Shortly after finding themselves in possession of scanned copies of her work, Thuy’s family had the diary published in Vietnam. Nhật ký Đặng Thùy Trâm rapidly became a hit. 300,000 copies were sold in less than a year and reviews drew comparisons between the wartime diaries and the work of Anne Frank.
Amidst the success of the publication, the Whitehurst brothers traveled to Hanoi to meet the family and later they would all visit Lubbock, Texas where the diaries were archived. Upon seeing her daughter’s handwritten notebooks, Thuy’s mother said, “Her corpse is in Vietnam, but this is her soul.”
In 2007 Thuy’s diary was translated into English for broader publication and this book would include photographs of Thuy and her family from their personal collection. While Vietnamese readers were huge fans of the book, folks involved were worried American reactions might be mixed, due to the depiction of U.S. involvement in the war and Thuy’s frequent references to the “American devils.”
Regardless, readers found Thuy’s words provided an honest depiction of the realities of war. The deputy director of the Vietnam Archive said, “They contain an emotional element that is typically lacking in official documents.”
“Don’t burn this one. . . . It has fire in it already.”
Got any thoughts? Leave ’em below! Part 3, coming soon!
Let’s learn a bit more about the author of our current book club book, shall we? Kamala Harris is an attorney and politician who has served as the junior U.S. senator from California since 2017. She launched her presidential campaign on January 27, 2019.
As a senator, she has supported lowering taxes for middle and working class folk, DREAMers, sanctuary cities, marijuana legalization, and single-payer healthcare. Harris doesn’t back down from a battle and has taken on the criminal justice system, Wall Street Banks, and opponents of marriage equality.
She was born in Oakland, California and graduated from Howard University and UC, Hastings College of Law. She’s worked in the San Francisco D.A.’s office and the City Attorney of San Francisco’s office. She was elected the District Attorney of San Francisco in 2004.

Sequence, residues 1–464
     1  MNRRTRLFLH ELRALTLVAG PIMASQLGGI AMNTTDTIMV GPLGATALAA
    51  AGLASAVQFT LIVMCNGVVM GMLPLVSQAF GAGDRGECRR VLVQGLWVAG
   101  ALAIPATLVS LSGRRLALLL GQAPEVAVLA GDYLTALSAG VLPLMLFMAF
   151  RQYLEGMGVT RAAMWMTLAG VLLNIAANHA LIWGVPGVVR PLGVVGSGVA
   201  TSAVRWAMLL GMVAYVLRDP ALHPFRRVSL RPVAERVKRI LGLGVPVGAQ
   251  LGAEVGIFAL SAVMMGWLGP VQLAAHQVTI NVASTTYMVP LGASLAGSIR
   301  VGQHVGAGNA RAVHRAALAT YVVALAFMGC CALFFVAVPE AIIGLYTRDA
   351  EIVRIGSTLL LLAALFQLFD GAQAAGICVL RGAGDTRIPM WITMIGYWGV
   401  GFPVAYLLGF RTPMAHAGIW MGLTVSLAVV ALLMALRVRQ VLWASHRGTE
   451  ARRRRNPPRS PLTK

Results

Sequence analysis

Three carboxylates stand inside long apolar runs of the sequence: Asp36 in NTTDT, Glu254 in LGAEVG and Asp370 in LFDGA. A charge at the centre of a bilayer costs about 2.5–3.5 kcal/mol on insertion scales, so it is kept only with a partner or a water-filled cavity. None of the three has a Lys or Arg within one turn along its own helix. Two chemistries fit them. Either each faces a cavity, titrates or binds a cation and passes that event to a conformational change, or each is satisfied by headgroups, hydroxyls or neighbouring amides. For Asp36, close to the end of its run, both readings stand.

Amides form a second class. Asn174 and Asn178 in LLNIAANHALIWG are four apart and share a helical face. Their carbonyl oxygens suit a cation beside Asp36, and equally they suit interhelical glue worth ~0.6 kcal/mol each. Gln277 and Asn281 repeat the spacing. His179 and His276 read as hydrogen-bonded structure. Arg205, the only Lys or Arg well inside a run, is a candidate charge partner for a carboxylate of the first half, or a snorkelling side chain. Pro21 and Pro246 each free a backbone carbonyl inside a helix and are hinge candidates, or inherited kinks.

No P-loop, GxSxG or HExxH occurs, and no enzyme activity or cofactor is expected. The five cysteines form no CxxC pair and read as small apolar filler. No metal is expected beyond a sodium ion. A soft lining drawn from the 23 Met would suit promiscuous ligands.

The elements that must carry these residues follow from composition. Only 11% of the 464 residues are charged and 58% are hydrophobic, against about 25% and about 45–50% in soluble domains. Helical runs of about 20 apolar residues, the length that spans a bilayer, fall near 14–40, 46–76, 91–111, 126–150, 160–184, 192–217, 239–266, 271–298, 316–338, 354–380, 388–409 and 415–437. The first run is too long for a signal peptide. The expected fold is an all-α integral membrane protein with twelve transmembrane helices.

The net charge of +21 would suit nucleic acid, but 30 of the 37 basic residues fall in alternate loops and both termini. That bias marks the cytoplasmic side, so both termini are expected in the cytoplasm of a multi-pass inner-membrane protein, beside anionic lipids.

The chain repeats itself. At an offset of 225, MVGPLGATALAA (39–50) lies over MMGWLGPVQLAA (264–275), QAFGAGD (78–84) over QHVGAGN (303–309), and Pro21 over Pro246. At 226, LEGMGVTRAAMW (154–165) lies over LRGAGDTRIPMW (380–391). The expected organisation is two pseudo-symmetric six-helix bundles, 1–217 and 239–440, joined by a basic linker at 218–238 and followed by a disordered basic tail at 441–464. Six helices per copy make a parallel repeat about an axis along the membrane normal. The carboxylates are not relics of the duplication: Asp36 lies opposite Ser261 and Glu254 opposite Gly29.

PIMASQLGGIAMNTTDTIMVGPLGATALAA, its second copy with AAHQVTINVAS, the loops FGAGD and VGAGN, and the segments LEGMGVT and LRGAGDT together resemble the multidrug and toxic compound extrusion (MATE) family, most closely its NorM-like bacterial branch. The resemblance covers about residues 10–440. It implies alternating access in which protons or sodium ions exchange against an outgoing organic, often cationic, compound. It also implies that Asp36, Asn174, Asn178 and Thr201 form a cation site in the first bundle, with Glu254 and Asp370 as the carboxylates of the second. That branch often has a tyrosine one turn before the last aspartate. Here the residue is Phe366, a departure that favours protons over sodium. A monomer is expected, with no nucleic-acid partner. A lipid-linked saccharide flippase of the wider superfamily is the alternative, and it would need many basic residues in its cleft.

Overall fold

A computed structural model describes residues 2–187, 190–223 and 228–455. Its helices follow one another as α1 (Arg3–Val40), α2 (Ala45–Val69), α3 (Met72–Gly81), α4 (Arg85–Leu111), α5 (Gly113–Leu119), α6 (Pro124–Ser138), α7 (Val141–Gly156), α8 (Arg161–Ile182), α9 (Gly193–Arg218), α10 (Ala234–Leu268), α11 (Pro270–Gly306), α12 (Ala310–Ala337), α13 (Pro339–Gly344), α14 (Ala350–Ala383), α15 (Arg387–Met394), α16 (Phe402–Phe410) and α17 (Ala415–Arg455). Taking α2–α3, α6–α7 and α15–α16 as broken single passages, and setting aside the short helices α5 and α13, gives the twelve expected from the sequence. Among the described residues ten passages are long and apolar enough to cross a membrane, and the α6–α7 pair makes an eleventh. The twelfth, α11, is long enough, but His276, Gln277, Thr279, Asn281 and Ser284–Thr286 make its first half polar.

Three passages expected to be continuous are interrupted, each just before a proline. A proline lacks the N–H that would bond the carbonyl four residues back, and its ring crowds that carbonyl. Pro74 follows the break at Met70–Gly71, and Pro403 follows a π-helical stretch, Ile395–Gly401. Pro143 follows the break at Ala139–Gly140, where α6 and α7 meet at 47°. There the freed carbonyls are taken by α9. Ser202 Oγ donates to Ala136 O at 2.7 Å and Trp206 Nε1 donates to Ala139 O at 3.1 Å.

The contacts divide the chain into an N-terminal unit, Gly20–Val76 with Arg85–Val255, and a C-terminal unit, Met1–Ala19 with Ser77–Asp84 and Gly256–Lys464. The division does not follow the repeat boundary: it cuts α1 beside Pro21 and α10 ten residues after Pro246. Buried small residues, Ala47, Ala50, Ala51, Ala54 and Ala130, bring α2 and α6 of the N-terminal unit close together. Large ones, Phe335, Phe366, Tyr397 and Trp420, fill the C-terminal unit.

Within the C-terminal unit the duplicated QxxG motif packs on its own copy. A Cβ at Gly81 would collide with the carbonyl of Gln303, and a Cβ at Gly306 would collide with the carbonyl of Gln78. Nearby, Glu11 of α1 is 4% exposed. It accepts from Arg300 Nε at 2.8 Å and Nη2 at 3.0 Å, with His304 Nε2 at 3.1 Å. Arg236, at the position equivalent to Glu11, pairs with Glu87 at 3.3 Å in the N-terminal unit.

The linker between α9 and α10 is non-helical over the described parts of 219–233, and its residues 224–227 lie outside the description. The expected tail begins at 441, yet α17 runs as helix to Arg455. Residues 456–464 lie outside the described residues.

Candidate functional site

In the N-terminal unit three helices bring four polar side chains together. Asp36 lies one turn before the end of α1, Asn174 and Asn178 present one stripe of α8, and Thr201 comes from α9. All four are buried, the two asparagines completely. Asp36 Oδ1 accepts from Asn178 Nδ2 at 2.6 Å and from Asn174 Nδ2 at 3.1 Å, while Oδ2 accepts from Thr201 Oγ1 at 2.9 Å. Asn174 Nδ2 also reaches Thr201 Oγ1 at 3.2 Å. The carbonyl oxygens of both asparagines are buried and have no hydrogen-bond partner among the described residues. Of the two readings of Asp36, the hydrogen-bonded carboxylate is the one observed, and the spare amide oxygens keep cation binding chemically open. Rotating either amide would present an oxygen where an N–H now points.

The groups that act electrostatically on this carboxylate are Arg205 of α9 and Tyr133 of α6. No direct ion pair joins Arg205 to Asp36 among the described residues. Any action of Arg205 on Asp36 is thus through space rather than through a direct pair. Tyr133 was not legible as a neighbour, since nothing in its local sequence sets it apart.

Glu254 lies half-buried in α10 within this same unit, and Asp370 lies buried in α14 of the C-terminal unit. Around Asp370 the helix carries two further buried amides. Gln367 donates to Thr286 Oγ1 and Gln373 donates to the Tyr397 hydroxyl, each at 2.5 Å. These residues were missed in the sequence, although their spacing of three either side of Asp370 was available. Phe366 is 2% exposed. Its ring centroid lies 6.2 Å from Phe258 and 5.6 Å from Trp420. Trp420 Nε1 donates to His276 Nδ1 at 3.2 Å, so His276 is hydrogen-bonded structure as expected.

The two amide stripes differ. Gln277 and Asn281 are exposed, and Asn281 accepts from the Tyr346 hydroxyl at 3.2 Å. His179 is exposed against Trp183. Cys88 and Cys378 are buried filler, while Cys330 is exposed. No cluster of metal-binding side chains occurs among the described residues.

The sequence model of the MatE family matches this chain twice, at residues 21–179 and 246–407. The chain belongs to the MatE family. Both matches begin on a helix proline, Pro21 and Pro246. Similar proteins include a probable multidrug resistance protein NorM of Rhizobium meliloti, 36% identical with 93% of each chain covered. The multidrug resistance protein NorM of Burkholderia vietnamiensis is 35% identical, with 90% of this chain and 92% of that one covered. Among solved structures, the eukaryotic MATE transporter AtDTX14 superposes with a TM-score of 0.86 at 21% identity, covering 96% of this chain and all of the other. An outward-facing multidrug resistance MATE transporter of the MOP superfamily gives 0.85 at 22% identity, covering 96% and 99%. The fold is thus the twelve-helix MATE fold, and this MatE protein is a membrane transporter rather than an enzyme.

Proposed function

In 2010, she became California’s Attorney General, and was reelected in 2014. Next, she became U.S. senator–the first of Jamaican or Indian ancestry.
Harris is married to Douglas Emhoff, through which she has two stepchildren–they call her their Momala.
“My mother had a saying: ‘Kamala, you may be the first to do many things, but make sure you’re not the last.’“
More with Kamala Harris
KAMALA An interview on Call Your Girlfriend In Pitch For PresidentAn interview on NPR’s Morning Edition Seeking the Presidency to Preserve “The Truths We Hold” An interview on The Daily Show
His work primarily explores the discord, problems, and potential that arises from the intersection of religion and culture. Tom considers himself a secular progressive, and Confessions of a Secular Jesus Follower stemmed from his idea that crucial moral guidance and insight can be gleaned from the Jesus found on the pages of the New Testament.
Not only an author and journalist, Krattenmaker is also a speaker — at the American Humanist Association conference on multiple occasions, as well as countless other events and many universities. He’s won awards from organizations like the American Academy of Religion, Religion Newswriters Association, Ecumenical Ministries of Oregon, and the Muslim Educational Trust.
He currently calls New Haven, Connecticut home and you can follow him on Twitter HERE.
“On the mountains I’ve climbed, figuratively speaking, I’ve discovered, and then rediscovered again and again, the anchor that means the most to me, the anchor I find most worthy of my trust. It’s the ethic and the inspiration and, indeed, the way of an ancient figure with whom we are acquainted, but whose relevance to our lives and society might not be so readily apparent, and whose availability to us, if we are secular might come as a complete surprise.”
More with Tom Krattenmaker
Posts and articles —
Real men get help when it’s needed–as it so often is Recent blog post Christmas is a Time to Celebrate Jesus’s Moral Insights USA Today column White progressives shouldn’t be smug about racism … USA Today column Don’t Domesticate MLK Commentary in Religion News Service
Can You Be Secular and Still Love Jesus? An interview in Psychology Today Reading is FUNdamental An interview on The Brain Candy Podcast Do Religion and Pro Sports Mix? Faith Matters series on NPR
Got any thoughts? Leave ’em below! Part 3, coming soon!